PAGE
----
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Graduate Student Josh Carraway Looking for Perfect Cap to TCU Career

Graduate Student Josh Carraway Looking for Perfect Cap to TCU Career

By Madelon Allen, TCU Athletics Communications


The field was soggy and the rain didn’t let up. TCU is behind by a touchdown against Baylor. Baylor’s quarterback loses his grip of the slippery pigskin, only to have junior defensive end Josh Carraway scoop it up and carry it 56 yards for a touchdown.

When James McFarland was injured in August before the 2015 season began, Carraway stepped into a much bigger role. “I felt like that was my responsibility to step up and try to take some of the pressure off our seniors.” He said.

In 2014, Carraway saw action in all 13 games. In 2015, he started all 13 games, and to him, it’s still “surreal”. “Every day I go in there and look at [the board] and ever since I’ve been starting I’ve been looking at it just to make sure my name is still there. Every day is just as surreal knowing I get to start for one of the best programs in the country.”

Despite those 2015 successes, it’s still not enough in Carraway’s eyes. Looking back he says, “it was a good season, but I’m trying to do better than that this year.” Before each practice and game, especially if motivation is waning, he says he thinks about all the work he’s put into football. “It just wouldn’t make sense to go out there today and not try to be the best I can be and get a little bit better,” he said.

Coming into this season, Carraway is a contender for four different awards, and is the only First-Team Big-12 defensive returner in the league. “It motivates me to elevate my game a little more. It makes me want to be even better. I guess all eyes are on me.”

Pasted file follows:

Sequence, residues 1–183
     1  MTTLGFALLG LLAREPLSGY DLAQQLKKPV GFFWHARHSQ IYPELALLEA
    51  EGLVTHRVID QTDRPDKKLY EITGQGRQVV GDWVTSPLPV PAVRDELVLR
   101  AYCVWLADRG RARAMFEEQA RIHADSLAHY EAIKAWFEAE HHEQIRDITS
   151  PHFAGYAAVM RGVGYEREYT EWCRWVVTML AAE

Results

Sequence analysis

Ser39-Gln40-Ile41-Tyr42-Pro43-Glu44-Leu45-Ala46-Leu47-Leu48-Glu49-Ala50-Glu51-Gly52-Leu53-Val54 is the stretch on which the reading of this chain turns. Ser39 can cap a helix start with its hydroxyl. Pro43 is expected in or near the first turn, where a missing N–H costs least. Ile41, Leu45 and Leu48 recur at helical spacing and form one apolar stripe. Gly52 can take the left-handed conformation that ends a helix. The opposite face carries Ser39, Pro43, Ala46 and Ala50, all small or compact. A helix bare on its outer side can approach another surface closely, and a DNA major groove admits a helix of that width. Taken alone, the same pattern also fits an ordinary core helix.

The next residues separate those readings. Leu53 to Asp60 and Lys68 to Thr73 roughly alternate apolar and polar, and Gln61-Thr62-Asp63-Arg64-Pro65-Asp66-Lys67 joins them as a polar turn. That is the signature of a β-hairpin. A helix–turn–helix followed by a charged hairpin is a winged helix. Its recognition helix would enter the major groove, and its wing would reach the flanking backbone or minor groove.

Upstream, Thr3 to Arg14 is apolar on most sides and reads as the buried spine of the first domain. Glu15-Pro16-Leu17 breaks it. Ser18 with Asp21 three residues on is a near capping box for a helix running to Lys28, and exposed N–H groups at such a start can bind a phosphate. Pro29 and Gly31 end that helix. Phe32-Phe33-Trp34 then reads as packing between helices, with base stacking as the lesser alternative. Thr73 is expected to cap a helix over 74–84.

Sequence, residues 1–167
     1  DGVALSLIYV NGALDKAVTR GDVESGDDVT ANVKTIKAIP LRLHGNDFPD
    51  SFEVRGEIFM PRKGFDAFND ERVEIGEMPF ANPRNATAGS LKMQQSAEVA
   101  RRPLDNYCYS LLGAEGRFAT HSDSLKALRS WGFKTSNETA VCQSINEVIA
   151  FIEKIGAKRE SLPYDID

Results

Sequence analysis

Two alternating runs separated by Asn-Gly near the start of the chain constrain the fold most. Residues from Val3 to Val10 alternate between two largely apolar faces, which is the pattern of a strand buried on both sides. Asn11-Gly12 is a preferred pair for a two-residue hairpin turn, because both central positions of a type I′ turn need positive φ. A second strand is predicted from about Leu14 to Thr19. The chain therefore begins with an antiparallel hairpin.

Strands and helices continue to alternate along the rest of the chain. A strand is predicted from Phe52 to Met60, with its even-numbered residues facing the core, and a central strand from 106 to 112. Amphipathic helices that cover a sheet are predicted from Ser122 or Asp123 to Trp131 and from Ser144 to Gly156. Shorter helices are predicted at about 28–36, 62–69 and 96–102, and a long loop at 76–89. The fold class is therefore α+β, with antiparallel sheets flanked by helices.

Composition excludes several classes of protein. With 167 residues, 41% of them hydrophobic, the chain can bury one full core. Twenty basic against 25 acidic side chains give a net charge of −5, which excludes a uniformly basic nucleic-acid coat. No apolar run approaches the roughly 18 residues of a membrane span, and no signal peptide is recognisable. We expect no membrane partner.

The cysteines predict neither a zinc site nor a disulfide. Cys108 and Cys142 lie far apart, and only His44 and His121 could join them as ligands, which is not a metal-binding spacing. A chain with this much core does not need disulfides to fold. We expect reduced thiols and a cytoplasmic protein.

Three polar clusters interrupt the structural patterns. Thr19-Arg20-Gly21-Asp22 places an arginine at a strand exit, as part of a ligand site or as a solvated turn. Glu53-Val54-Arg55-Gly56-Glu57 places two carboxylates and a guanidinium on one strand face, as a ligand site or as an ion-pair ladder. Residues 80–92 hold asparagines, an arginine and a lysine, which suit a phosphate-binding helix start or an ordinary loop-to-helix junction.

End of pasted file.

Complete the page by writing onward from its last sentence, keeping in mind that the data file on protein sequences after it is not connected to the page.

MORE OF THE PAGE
All eyes may be on him, but Carraway wants what’s best for his team. “I want to give my senior classmates, the guys I’ve been with for a really long time, the best possible season. My ultimate goal is to help my seniors get the best bowl game we can.”

Carraway has emerged as a leader of the young defensive ends through the summer, and he’s glad he has McFarland’s help to make it less stressful. “We coach the younger guys just like we were coached. Having somebody like that who knows the defense just like I know the defense, has been here as long as I’ve been here…it makes my job a lot easier and I think it makes the coaches job a lot easier too.”

He tries to remind his younger teammates to play hard. “In games you’re going to mess up, but [coach] says if you’re going to mess up, at least mess up going 100 miles per hour. If you do that, then he can’t get mad at you.”

Although it says “SR” next to his name on the roster, Carraway has a diploma in hand. “It’s another weight off my shoulders. Knowing I don’t have to get up at 8 a.m. for class feels nice.” Even though he’s not getting up early for them, he’s still taking classes, working on his master’s degree in the liberal arts program.

In his last season of TCU football, Carraway wants to leave an impression. “I want them to remember I played hard. That I was someone who didn’t get in trouble, that he was where he was supposed to be and that he never talked back, was always on time, was always polite. Hopefully they remember me as more than a football player, but also as that guy who was always in class, always did his work, had his degree.”

When the season comes to a close, Carraway knows he has options. “If the NFL is there then I’ll take it, but if not I’ll just move on with my life and I have a degree so I can always try to find something.” Even in talking about what he wants to do after the season, he still has the team in mind. “I might be a graduate assistant, hopefully, maybe Coach P will let me on as a GA, so you never know.”


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